THE REVIEW: What role do ambulance services play in urgent and emergency care for people with dementia? I am stuck trying to write up our review (2 paramedics as co-reviewers) because it does not fall neatly into any particular school, it started as a traditional review conducted at the start of a project, took a systematic turn as we filtered through 5000+ titles, went unsystematic as the literature was so sparse we had half from the grey literature and were looking for ‘nuggets’, all the time reading about realist synthesis, critical interpretative synthesis… and now I’m stuck I’d love to say it’s a realist synthesis but it’s not. Calling it a 'critical scoping review' and just writing what we did and what we found.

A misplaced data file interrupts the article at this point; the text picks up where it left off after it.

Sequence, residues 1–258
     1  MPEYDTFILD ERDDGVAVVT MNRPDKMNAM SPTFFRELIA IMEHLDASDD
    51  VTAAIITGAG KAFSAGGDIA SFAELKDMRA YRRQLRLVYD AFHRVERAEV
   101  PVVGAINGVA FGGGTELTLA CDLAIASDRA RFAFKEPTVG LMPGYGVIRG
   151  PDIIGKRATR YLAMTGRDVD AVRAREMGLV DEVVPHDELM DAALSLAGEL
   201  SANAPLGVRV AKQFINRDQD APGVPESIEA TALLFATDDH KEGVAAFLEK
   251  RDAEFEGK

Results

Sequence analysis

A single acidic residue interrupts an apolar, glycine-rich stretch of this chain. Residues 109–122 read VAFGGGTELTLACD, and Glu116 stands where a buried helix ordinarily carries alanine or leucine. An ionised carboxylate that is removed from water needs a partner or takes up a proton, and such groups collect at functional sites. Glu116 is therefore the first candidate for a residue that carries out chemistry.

I get the ideas of context and mechanism but still get a bit stuck round 'mid-range theory' do I have one but don't know it? In my only non-chemistry paper, I wrote this in the intro "In the ‘quit rate’ and targets-obsessed culture of stop smoking services it can be difficult to take time to reflect on why or why not programmes may be working. The aim of this research was to get a fuller understanding of the young people’s experience of smoking and quitting and how useful and appropriate the support offered was to them." http://hej.sagepub.com/content/72/4/408 I think that's early realist leanings?
Advice from those of you more experienced gratefully received. I will now try to just 'crack on' (I'm not used to having all this 'space' to think!) Thanks Marina
Research Associate (PT usually Tue, Thu, Fri) Cambridge Institute of Public Health CLAHRC - Old Age Theme